Back Pain Prevention 101
This is for those of you who don’t have back problems and don’t want them.
One of the first issues to look at is leg flexibility, especially the hamstring muscles in the back of the leg. Because we almost never squat in our culture, we rarely have optimal flexibility in our hips or calves. If your hips and calves don’t move your back has to. See the “hamstring stretch” for tips to improve this flexibility.
Spine Flexibility and Strength
Spine flexibility forwards, backwards, and in rotation is key. People without back problems can normally bend forward without pain, touching their toes or getting close to it. On average we bend forward around 2000X per day, performing regular tasks. Bending backwards is another story. There aren’t many natural movements that require a backwards bend. To stretch your back backwards, first lie on your stomach and press the palms into the floor under your shoulders.
Then straighten your arms. If you have done yoga it is like an upward dog. If you can only get part way up, keep trying using your breath to assist your movement. With the inhale lie flat on the floor and as you exhale push up. Do not hold the position or your breath. Keep lowering and lifting – repeat at least 10X.
Be conscious of tension and try and keep the spine relaxed and loose during the exercise. If you have a more sedentary job this would be a great exercise to do several times per day. Arm strength could be a limitation. For an alternate position prop yourself up on the elbows rather than extending fully through your arms. Remember if you do feel pain, you should only go to the edge of the pain – not into it.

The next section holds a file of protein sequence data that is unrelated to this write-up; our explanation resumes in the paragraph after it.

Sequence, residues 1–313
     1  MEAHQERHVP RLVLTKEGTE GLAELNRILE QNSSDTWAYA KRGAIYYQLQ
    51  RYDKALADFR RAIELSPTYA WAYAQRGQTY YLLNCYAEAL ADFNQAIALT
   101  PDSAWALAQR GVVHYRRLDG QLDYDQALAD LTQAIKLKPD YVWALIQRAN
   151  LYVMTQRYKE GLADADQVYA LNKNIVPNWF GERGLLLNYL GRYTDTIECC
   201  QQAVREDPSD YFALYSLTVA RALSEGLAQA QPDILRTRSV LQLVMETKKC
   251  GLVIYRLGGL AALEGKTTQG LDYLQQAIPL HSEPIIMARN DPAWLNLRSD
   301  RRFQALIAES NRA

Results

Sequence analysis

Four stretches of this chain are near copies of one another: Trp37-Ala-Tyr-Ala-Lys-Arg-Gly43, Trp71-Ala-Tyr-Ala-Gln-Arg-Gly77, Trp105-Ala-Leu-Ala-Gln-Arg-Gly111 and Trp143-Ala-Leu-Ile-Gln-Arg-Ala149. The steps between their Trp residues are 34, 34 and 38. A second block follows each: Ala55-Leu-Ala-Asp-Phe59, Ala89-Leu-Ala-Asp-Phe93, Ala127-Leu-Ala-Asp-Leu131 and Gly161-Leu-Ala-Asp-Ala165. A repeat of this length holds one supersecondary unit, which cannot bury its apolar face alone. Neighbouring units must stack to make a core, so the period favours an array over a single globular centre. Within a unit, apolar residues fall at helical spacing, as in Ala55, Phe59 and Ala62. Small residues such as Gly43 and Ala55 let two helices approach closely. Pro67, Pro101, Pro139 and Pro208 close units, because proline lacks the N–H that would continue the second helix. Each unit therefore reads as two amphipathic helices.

The strength of your back is crucial. Figure 3 and 4 demonstrate Active Back Extensions. Start by lying on the floor, as you breathe in lift your chest extending and lifting the back up. While you lift push the tops of your feet into the floor. For more intensity stretch your arms out in front of you. Figure 5 demonstrates a modified version with a cushion for people who need support.
Alignment is important in reducing stress on the back. Your body should be balanced over your feet keeping your spine long while maintaining the natural curves. See my video about “How to Stand Comfortably” and you will see how to practice that. The core concept is to push off the floor to gain our full length, then release into our best posture.
This bottom up concept is also important while sitting. You want to be on the base of support or your ‘sit bones’. This insures you are not stressing the muscles and ligaments of your back. See “How to Sit Comfortably” to review good sitting positions.
The back must have stability also. This means you need strength in the front, the back, and the sides surrounding your back – i.e. your core. My favorite core exercise that hits all 3 is the plank. Hold yourself in the push-up position, pulling in the belly and keeping hips and shoulders in line. Gently push through your feet to lengthen through the body using the GRF or Ground Reaction force. For those of you who are familiar with these moves, alternating the plank with the Downward Dog yoga pose is an awesome dynamic workout!
Ultimately, the best way to keep pain free is to keep your body moving. Walking every day is a great start if you don’t have a regular exercise routine. Movement lubricates the joints, increases strength, and makes you feel good!
As always, listen to your body and contact me if you need further assistance to be in your best body.